quench Reinvigorates Sun-Maid Packaging With Radiant Redesign
The recent package redesign produced by quench for client Sun-Maid Growers of California has been receiving a great deal of attention, and for good reason: The venerable brand’s package design had not been touched since the 70s, mainly because so many consumers feel so fondly about the “little red box” of raisins they remember from childhood.
Consumer feedback showed that a modernized logo and packaging graphics were needed to appeal to younger audiences, while keeping the nostalgic feel of the classic look intact. How could quench successfully update one of the most recognizable brand visuals for the last 100+ years?
“Our work needed to be an evolution, as opposed to a revolution,” said quench Creative Director Keith Seaman. “We were sensitive to customers whose feelings were expressed in comments like, ‘changing this package would be like taking the stars off of the American flag.’”
Maintaining the integrity of the iconic little red box was key. Sun-Maid’s female mascot (fun fact: her name is Lorraine, and she was a real person) was given a bit more space and depth on the packages, and the sun rays surrounding the illustration of her were made more prominent, making the image pop. A bold, humanist, serif typeface set large helps retain a retro feel.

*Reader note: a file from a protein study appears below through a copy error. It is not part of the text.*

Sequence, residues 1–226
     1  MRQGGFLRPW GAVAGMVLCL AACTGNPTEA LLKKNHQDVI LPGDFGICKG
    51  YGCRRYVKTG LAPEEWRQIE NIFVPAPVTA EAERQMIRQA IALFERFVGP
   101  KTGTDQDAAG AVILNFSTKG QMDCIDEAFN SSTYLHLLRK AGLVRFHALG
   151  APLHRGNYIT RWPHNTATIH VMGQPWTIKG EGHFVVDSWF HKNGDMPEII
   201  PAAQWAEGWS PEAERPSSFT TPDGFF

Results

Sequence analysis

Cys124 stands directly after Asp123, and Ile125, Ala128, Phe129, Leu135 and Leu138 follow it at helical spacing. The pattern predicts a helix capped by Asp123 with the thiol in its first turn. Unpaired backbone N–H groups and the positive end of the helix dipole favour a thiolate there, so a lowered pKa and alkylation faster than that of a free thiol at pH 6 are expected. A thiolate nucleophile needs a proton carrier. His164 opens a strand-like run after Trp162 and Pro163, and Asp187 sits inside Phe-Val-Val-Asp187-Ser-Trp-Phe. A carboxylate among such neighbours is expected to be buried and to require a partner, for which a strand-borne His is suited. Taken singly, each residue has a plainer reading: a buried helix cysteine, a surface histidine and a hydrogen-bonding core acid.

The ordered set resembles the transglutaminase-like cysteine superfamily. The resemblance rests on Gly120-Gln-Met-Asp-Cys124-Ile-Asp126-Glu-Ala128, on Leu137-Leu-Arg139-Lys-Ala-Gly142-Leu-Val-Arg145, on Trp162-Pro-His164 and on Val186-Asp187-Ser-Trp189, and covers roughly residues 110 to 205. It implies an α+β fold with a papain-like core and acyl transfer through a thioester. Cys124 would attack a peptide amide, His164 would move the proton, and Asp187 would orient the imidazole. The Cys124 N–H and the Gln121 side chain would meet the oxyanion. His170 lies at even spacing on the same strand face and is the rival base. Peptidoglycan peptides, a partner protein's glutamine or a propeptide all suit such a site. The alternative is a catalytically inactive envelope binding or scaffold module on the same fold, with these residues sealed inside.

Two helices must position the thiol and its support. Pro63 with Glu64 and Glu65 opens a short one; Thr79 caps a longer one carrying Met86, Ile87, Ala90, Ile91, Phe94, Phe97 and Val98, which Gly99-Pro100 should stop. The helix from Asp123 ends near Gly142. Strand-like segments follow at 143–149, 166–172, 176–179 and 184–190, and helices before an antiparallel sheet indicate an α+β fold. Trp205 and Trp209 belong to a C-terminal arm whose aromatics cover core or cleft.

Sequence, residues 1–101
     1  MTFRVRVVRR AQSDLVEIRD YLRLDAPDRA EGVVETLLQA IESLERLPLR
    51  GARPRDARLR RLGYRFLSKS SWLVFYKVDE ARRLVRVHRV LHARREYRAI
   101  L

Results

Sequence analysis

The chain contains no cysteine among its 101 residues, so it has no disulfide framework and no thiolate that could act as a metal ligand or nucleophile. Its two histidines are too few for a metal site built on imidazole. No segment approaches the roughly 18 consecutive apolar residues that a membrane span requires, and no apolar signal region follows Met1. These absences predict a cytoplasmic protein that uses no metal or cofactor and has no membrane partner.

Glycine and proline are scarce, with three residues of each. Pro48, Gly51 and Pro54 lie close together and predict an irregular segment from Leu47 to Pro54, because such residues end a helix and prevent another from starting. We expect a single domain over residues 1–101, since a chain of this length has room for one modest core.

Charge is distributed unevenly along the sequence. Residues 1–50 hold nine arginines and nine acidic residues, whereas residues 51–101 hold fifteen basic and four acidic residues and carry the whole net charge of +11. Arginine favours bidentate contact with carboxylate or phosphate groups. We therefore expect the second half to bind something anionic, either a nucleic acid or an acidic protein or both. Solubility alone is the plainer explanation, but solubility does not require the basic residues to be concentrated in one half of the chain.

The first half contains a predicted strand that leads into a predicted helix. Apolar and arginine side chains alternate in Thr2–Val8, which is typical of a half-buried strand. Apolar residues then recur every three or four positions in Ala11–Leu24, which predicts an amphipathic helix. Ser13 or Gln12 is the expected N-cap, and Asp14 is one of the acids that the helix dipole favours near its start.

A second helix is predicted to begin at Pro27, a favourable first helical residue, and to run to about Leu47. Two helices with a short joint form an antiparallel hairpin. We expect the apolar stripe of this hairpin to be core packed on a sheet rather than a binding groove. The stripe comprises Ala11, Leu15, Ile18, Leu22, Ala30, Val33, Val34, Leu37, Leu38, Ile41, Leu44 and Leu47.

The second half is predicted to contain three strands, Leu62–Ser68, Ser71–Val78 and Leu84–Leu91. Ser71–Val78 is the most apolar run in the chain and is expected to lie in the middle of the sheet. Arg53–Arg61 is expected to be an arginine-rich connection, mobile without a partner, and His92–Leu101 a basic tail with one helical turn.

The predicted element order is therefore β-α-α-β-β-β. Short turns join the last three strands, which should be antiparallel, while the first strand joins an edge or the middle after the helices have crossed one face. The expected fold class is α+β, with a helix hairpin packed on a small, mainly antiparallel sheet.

The new design also calls out key product differentiation, functional benefits, and appetite appeal that today’s consumers look for in food products, such as “0g of added sugar,” “made with whole fruit,” and influential Non-GMO Project verification on the front of packages.
In addition, Seaman said, “We needed a consistent package design across the entire family of products, so we developed a system to produce a clean read and look for current products that can also play nicely with new products in the pipeline.” This move will help Sun-Maid achieve a consistent packaging look and feel as it expands into new snacking launches.
The look quench created gives the brand a strong, unified identity and identifies each product’s details, such as the fruit type or whether it is organic or flavored, and provides the most important information priority in a bold, modern font.
We think Lorraine would approve.
See “before” image and read more in this Adweek article: Sun-Maid Updated Its Iconic Logo in a Bid to Appeal to Today’s Young Parents